In general, the president’s party typically loses seats in Congress at midterm elections. An average of 30 seats in the House are lost and four in the Senate. In the 2010 midterm, Americans soundly rejected President Barack Obama’s policies by flipping a whopping 63 House seats and 6 Senate seats. That resulted in a split Congress, and effectively ended President Obama’s agenda.
Prior the to the 2010 midterm, the Democrats controlled both houses and the White House. Even had a supermajority in the Senate. And they leveraged that power to pass President Obama’s key legislative agenda: – Stimulus, Dodd-Frank and ObamaCare. Had the midterms not flipped the House, next up was Cap and Trade and Card Check.
But in the 2018 cycle, the situation is different. Conventional wisdom suggests that Republicans will retain control of the Senate, likely will add a couple of seats. The House is a toss-up, but that the lower chamber is even in play is very unusual. In 1992, Louisiana Democrat strategist, James Carville, branded the Clinton campaign with the theme, “It’s the economy stupid.” With a slew of current positive economic news hitting the wire and air on a daily basis, maybe that’s what’s going on in 2018? Hard for Democrats to run on improving an economy that is on fire.
Appears to me that the Democrats lack a cohesive message. To date, they’ve hung their political hat on impeaching President Trump, impeaching Justice Kavanaugh, reversing the Trump tax cuts, blocking judicial appointments, open borders and amnesty, gun control, free this and that, blah, blah, blah. Same old tired message, that your life sucks and government is gonna fix it.
But in these final days leading up to election Tuesday, they’ve gone “all in” on the old reliable pinnacle of socialism, Medicare for All. This past weekend, prior to election day, the talk and news shows were flush with rhetoric about expanding ObamaCare and protecting “pre-existing conditions.” In fact, a buck for every time that phrase was mentioned by a Dem candidate or surrogate (and even Republicans), could enrich one to Nancy Pelosi’s considerable wealth. After the midterm, regardless of party in control of either house, it’s clear that health care will be front and center.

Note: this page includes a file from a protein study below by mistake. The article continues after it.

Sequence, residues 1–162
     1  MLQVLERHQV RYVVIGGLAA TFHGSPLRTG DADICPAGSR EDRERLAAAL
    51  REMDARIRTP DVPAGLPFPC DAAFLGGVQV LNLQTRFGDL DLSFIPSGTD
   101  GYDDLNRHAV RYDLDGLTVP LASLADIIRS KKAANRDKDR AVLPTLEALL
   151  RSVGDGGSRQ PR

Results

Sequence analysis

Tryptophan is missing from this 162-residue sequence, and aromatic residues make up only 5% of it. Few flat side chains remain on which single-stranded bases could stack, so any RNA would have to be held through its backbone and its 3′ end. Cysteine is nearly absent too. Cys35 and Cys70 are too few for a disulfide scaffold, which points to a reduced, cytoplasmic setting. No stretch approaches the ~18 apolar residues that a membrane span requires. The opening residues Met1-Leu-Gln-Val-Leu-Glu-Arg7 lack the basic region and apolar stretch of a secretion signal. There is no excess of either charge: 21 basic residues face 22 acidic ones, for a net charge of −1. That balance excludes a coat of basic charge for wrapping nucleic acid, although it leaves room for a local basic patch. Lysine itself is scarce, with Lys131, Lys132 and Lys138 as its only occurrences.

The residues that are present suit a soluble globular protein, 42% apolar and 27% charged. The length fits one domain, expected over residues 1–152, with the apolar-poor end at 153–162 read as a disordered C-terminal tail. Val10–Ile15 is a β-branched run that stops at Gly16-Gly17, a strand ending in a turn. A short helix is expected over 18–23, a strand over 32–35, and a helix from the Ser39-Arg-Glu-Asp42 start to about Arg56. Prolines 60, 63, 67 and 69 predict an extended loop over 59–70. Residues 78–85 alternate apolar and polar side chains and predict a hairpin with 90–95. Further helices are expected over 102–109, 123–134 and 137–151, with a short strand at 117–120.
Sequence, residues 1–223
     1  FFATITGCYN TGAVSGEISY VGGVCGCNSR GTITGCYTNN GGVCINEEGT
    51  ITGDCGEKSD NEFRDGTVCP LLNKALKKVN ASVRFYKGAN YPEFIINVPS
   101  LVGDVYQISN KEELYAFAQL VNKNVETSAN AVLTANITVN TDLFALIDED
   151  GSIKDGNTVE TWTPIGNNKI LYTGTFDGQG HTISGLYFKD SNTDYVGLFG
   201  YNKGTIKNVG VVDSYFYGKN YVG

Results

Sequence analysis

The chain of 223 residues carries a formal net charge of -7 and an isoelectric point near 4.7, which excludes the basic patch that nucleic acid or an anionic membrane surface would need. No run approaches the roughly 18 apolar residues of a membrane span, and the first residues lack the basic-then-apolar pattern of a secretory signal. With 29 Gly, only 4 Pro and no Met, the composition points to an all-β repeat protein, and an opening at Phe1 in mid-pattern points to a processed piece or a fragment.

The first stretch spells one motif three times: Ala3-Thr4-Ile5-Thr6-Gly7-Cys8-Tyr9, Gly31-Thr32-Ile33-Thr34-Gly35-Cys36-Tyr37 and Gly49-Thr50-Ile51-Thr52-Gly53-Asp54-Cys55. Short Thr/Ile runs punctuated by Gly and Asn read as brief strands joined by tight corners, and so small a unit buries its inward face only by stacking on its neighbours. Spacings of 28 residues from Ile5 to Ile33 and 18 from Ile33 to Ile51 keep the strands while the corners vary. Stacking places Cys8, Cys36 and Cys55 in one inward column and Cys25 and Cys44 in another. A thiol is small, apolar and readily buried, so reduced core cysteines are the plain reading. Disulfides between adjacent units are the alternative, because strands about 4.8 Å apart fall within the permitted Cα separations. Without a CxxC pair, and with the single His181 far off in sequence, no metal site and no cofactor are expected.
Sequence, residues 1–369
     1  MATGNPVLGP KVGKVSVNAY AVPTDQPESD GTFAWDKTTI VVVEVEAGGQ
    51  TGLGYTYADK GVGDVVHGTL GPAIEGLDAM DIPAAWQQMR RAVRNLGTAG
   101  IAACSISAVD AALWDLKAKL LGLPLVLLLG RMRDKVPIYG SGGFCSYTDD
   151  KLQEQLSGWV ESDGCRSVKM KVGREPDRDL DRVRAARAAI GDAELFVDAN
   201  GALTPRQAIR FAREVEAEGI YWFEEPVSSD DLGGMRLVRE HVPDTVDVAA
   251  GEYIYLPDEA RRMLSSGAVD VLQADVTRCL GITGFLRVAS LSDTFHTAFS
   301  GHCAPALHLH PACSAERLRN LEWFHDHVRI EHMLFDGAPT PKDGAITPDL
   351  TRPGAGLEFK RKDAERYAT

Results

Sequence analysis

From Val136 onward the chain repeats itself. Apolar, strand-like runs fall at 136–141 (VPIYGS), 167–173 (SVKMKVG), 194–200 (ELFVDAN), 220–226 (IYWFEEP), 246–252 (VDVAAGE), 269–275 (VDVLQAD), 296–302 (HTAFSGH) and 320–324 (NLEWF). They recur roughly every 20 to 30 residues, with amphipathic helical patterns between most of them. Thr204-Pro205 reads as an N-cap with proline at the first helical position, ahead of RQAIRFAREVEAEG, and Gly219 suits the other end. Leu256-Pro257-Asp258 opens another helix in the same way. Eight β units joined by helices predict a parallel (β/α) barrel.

What’s amazing is that many Republicans are promising to protect this key provision of ObamaCare. Though many were elected on the promise of full repeal of the intrusive government takeover of the U.S. healthcare framework. No doubt, it’s a popular provision. But it’s also one of the key drivers of the cost of coverage. When ObamaCare passed, I feared once entrenched, it would be impossible to extract. That many Americans – even self-described conservatives – would get accustomed to the goodies – but complain about the there’s-no-such-thing-as-a-free-lunch price. From a conservative perspective, how did we get to the point where the government is essentially smack dab in the health care business? And where bureaucrats are in the weeds of dictating what a private company can and cannot sell?
Over one-third of the population, some 120 million, are covered by government insurance (Medicare, Medicaid, TriCare). Nearly half of Americans are enrolled in group plans (employer-provided) and 7% are enrolled in the individual market, mostly via the ObamaCare exchanges. Most Americans get coverage from their employer, where employees and their family cannot be rejected for pre-existing conditions. The pre-existing conditions issue only applies to the individual market, insuring about 15 million. Not insignificant, but an issue that should be solved without ransacking the entire system. Government. Go figure.
Even conservative Dave Bratt (R-VA) and President Trump are promising to keep the ObamaCare provision of pre-existing conditions. Anything less is a non-starter for the majority of the voting public. Meanwhile, the Trump Administration continues to work on Section 1332 Waivers, enabling states to allow insurers to offer innovative coverage that doesn’t comply with ObamaCare’s strict coverage and rules for policies – including association plans and skinny plans that can reject for pre-existing conditions. But it’s difficult to meet the standard to receive a waiver.
Regardless, health care is polling as the number one concern of voters, and is likely to once again dominate the discourse in Washington post midterms. Get ready. Finally, VOTE!